The swashbuckling spirit is surely present in James Bond, at least in Bond the rogue libertine as played by Sean Connery (rather than the repressed puritan sadist of Ian Fleming's terrible novels). You couldn't call the blaxploitation movies of the '70s in any way innocent, though at her best Pam Grier is probably the closest the movies have ever come to a great female swashbuckler. In Hong Kong, Michelle Yeoh and Brigitte Lin have come close to claiming that mantle for themselves. (The marvelous comic-book action film "Heroic Trio," starring Yeoh, Anita Mui and Maggie Cheung, is a descendant of the swashbuckler.) But then Hong Kong cinema has long had the corner on the physical astonishment Fairbanks and Flynn specialized in. Were they alive to see him, both men would bow in respect to Jackie Chan. And even in the bloodiest John Woo pictures, Chow-Yun Fat has been one of the movie's great romantic action heroes.

Heartening as that list is, it leaves plenty of contemporary actors who could make their mark in swashbucklers. It may be too late for Patrick Swayze, whose physical gifts have largely been ignored in the movies (what a Tarzan he'd have made!). But George Clooney or Ewan McGregor probably could pull off such roles, and Jeremy Northam definitely could. Other than the great Hong Kong female stars like Yeoh and Lin, women are a tougher question, though Catherine MacCormack displayed a nice way with a sword in the yummy Renaissance bodice ripper "Dangerous Beauty."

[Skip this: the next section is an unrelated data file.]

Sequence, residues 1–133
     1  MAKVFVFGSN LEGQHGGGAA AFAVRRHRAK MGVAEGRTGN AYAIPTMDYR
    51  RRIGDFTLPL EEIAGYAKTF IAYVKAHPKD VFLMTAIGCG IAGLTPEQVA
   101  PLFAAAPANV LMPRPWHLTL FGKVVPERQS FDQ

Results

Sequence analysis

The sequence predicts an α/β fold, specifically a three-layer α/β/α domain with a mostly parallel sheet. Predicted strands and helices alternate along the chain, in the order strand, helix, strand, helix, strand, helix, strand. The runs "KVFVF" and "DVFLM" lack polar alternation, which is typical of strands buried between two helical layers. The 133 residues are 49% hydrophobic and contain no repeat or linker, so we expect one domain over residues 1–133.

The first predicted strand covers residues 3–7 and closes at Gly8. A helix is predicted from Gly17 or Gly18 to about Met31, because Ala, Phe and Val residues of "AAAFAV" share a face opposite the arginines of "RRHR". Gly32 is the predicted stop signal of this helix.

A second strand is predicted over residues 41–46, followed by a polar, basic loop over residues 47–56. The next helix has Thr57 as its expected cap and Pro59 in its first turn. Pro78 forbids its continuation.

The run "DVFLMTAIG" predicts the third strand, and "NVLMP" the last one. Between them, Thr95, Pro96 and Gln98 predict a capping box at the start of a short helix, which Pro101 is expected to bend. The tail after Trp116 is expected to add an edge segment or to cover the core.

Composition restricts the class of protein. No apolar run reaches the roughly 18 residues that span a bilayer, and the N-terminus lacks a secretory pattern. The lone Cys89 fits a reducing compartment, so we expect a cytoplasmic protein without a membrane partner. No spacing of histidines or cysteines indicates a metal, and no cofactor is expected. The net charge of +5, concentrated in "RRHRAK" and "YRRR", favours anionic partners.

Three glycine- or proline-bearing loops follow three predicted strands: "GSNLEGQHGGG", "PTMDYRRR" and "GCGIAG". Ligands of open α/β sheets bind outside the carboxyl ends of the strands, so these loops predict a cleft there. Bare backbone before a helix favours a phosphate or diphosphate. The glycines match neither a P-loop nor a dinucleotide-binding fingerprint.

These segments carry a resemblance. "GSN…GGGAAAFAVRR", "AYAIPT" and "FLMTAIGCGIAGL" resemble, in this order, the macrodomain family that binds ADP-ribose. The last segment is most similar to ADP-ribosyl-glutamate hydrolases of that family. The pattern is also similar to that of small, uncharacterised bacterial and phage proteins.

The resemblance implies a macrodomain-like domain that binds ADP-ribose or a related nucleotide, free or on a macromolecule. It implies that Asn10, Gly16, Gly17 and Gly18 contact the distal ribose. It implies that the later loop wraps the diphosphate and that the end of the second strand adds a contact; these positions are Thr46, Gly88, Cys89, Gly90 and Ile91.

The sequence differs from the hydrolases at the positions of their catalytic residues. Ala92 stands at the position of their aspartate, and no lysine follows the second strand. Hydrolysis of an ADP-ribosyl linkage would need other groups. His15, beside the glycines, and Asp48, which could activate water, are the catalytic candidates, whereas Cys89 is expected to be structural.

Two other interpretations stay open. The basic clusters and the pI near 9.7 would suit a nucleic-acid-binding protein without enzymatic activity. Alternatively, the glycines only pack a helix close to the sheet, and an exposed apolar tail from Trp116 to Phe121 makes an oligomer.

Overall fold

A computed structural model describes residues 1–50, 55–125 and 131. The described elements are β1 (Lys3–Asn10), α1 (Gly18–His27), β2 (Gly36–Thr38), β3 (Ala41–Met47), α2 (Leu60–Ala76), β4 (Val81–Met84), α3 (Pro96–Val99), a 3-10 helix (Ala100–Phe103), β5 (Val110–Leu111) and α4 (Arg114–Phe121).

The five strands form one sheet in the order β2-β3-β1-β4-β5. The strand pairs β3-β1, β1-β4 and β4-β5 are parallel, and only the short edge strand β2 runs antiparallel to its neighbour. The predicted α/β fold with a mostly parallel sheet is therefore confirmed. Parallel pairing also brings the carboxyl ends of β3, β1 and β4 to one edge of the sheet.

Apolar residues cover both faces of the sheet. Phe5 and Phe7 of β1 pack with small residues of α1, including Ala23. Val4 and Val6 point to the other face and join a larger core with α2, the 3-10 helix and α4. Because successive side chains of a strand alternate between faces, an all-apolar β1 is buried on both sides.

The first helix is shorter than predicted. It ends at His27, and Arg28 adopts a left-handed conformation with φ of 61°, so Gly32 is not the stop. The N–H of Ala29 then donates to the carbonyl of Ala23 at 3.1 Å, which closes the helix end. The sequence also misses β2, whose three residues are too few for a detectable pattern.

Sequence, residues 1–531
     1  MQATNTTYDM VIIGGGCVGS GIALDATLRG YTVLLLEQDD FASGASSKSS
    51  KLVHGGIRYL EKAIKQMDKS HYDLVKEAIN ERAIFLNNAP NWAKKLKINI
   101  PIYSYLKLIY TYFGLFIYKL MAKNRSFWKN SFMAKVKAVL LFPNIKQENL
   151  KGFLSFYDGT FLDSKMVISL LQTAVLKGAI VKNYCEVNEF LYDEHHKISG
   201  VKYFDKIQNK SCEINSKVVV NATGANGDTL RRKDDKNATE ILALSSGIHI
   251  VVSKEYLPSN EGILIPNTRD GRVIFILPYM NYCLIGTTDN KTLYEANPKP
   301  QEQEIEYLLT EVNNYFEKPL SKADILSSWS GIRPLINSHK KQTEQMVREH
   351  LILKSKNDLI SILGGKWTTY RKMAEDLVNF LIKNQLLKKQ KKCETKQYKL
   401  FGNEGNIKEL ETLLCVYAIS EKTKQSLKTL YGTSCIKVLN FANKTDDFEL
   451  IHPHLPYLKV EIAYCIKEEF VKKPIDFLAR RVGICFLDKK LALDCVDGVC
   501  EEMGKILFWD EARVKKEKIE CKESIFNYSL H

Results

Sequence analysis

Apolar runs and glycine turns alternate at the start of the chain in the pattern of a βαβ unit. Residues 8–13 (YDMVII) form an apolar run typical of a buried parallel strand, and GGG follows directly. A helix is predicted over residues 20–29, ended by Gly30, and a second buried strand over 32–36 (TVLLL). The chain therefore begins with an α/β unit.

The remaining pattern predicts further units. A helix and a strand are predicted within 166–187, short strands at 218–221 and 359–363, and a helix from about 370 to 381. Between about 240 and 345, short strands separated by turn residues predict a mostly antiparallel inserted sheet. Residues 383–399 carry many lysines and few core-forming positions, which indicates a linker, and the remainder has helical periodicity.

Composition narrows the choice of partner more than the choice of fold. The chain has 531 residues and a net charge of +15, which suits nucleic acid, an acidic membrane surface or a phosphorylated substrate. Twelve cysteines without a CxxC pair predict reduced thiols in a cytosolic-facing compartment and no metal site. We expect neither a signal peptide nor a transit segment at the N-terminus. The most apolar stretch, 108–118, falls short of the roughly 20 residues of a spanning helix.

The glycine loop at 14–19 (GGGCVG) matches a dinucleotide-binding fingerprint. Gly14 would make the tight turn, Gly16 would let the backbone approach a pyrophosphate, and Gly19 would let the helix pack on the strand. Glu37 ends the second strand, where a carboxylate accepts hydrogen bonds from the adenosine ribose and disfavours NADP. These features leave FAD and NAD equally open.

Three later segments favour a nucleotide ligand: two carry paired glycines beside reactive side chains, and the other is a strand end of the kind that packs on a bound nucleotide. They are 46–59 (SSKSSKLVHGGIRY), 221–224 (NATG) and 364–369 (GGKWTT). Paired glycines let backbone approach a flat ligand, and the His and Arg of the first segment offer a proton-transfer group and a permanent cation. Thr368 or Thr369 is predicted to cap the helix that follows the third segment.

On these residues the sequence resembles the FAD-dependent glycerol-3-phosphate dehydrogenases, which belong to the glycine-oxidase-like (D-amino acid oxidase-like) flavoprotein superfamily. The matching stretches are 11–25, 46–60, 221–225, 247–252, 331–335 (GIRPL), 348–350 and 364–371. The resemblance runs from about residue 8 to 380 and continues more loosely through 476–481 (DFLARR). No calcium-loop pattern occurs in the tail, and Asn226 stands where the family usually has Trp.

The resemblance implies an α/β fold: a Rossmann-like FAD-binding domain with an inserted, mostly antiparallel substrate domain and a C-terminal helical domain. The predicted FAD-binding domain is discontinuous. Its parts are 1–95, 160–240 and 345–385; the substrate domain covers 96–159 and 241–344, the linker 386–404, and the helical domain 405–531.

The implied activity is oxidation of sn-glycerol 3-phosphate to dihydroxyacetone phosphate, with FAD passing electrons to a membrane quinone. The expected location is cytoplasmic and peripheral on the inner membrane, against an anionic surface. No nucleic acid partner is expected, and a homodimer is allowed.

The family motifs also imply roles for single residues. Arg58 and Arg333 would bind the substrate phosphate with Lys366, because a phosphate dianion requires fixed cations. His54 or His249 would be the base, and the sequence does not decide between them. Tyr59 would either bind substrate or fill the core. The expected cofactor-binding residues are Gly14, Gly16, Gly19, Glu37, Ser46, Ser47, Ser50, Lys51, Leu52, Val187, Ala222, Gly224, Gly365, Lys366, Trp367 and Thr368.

But whoever plays the roles, and whatever form swashbucklers take, the movies need their spirit. We feel close to swashbuckling heroes in a way we never could to the traditional stern, lantern-jawed male authority figure. There's always distance between us and the men on-screen acting more bravely than we could. And while nobody fools themselves that they could do what Fairbanks or Flynn or Lancaster do, the swashbuckling hero, in his physical abandon and capacity for sensual pleasure, has the common touch that endears actors to us. John Barrymore had it, so did Jean Harlow, and Michael Caine has had it in spades for years. You don't go to swashbucklers for moral complexity. You have to look elsewhere for the darkness that some actors have explored in the characters we have been taught to think of as heroes. But saving audiences from cynicism is no small task. Allowing us to believe in heroes, and allowing us to laugh with them, is as noble a feat as any a swashbuckler has ever accomplished.


Charles Taylor

Charles Taylor is a columnist for the Newark Star-Ledger.